Definition of dog whistle in English:

dog whistle

noun

  • 1A high-pitched whistle used to train dogs, typically having a sound inaudible to humans.

    • ‘You could even order bird warblers and dog whistles.’
    • ‘He kept blowing a dog whistle in a fruitless attempt to coax Molly out.’
    • ‘X rays are light emitted at much higher frequencies than humans can see, in the same way as a dog whistle blows at a frequency that is beyond the sensitivity of the human ear.’
    • ‘How - I ask - without the help of incredibly expensive scientific equipment, do you know whether your dog whistle is working or not?’
    • ‘And the dog whistles are usually in the vicinity of about 40,000 hertz, which is, you know, out of our hearing range but well within the dog's hearing range.’
    • ‘Blow into it and the sound produced is not unlike that of a dog whistle.’
    • ‘Of course we didn't use a dog whistle - it was more like a foghorn.’
    • ‘Similar in concept to a dog whistle, it alters the report to an ultrasonic pitch the human ear cannot detect.’
    1. 1.1[usually as modifier]A subtly aimed political message which is intended for, and can only be understood by, a particular demographic group.
      ‘dog-whistle issues such as immigration and crime’
      • ‘Commentators muttered about "dogwhistle politics": the tactic of sending out a message that only those meant to hear would understand.’
      • ‘He was party chairman at the 2005 general election when Michael Howard championed so-called "dog whistle" issues such as immigration and Europe.’
      • ‘She nailed the point of why the Government was holding such an Inquiry, describing it as "dog whistle politics to men's groups aggrieved by the Family Court".’
      • ‘He has pledged to tackle immigration, law and order and discipline in schools - all the so-called "dog whistle" issues with which Howard called the Tory faithful back to the fold.’
      • ‘The dog whistles of his earliest pronouncements have given way to a less alarmist tone.’
      • ‘In Howard's case it's a dog whistle message to blue collar Labor supporters.’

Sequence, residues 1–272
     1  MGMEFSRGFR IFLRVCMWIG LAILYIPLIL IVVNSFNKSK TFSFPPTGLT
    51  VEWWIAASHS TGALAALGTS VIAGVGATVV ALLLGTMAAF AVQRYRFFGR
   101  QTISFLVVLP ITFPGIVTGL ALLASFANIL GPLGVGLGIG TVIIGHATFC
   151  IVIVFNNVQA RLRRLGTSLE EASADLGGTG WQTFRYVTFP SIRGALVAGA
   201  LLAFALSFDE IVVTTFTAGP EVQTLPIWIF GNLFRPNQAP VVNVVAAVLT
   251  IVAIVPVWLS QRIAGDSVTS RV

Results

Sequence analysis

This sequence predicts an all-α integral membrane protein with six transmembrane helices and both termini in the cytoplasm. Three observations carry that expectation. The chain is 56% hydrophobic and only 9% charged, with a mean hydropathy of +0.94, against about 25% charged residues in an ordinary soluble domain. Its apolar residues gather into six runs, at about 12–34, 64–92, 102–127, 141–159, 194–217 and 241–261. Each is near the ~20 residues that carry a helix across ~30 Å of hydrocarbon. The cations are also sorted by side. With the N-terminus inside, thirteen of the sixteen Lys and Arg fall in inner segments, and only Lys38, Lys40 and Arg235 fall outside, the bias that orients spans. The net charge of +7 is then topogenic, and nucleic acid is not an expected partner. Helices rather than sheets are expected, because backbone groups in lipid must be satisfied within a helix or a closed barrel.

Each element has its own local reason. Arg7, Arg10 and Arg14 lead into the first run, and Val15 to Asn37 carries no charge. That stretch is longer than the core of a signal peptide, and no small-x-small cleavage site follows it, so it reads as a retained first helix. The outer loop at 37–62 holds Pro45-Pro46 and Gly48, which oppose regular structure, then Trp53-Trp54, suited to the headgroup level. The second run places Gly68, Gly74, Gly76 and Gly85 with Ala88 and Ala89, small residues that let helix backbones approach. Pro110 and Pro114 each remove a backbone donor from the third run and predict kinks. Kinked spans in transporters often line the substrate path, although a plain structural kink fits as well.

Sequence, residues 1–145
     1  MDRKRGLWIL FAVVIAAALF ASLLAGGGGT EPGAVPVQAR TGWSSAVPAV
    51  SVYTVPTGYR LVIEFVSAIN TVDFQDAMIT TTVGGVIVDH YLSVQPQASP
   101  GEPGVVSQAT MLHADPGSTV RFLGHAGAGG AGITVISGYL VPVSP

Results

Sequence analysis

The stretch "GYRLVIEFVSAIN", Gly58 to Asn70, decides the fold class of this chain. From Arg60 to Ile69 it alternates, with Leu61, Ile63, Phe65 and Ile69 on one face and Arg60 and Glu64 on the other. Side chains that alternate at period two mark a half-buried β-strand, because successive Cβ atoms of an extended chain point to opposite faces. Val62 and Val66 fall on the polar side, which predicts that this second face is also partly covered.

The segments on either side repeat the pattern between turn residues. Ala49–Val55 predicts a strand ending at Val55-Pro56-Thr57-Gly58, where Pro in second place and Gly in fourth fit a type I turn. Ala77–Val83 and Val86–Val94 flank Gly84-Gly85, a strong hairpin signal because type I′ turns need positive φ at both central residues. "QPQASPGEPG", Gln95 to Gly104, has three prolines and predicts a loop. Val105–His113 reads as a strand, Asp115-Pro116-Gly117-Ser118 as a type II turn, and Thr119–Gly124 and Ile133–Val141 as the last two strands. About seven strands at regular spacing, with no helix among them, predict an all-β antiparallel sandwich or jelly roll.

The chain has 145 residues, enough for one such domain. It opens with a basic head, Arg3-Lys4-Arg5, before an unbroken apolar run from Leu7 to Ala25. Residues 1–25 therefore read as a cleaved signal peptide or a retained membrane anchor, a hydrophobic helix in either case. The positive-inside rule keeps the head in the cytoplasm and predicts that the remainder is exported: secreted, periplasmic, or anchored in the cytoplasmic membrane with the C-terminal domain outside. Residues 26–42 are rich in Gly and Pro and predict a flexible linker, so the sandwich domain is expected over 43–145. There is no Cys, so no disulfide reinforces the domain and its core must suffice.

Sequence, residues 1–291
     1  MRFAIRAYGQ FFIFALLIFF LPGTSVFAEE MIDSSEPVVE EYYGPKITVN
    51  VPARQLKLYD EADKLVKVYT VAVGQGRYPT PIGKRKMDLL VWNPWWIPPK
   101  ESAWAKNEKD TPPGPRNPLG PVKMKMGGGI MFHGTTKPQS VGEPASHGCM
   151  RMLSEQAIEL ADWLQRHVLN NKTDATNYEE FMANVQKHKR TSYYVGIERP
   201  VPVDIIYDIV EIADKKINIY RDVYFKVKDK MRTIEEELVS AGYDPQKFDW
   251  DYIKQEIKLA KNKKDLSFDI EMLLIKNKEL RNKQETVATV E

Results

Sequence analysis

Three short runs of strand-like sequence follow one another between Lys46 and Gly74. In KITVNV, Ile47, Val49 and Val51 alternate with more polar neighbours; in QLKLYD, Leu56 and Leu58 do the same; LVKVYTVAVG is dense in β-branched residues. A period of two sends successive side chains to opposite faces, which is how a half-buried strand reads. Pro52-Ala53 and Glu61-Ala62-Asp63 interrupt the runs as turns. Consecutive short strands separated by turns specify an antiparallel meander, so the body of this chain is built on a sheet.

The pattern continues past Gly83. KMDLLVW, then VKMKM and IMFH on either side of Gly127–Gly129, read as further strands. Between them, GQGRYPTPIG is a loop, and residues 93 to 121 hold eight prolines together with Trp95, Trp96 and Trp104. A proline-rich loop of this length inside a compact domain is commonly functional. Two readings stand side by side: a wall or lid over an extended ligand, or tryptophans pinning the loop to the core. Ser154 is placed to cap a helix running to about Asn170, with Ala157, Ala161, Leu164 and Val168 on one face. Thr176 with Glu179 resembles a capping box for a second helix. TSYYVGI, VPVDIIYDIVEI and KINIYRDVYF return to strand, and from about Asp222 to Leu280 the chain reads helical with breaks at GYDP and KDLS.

• ‘For immigration is a dog whistle of a different kind for a certain type of Labour supporter.’
      • ‘This isn't even dog-whistle politics - it's simply outright racial fear-mongering.’
      • ‘But the hint that migrant workers are to blame looks like a dog whistle that risks playing into the hands of the far right.’
      • ‘What was striking about her reasons for voting Conservative was that, without any prompting, she chose two of Mr Howard's "dog whistle" issues.’
      • ‘Equality of opportunity is the leftwing equivalent of a dog-whistle issue.’
      • ‘A dog-whistle election campaign is not the same as a strategy for transforming Britain.’
      • ‘This dog whistle may have been missed by his audience, and was certainly neglected by the press, but it resonated in Conservative headquarters.’
      • ‘But no one was in any doubt about the real dog whistle at the core of the strategy.’
      • ‘The net also plays into the Tories' hands by facilitating the 'dog-whistle' campaigning at which he has become increasingly adept.’
      • ‘This will not please some Tory modernisers who detest his hard-nosed tactics and use of so-called "dog whistle" issues.’
      • ‘If dog whistle campaigning works, how many people are considering changing their vote as a result?’
      • ‘Thatcher's was true dog-whistle politics, a subtle signal rather than the main message.’
      • ‘Mr Norris added that modernisers who felt uneasy about the party's focus on "dog whistle" issues such as asylum may struggle to criticise the leadership.’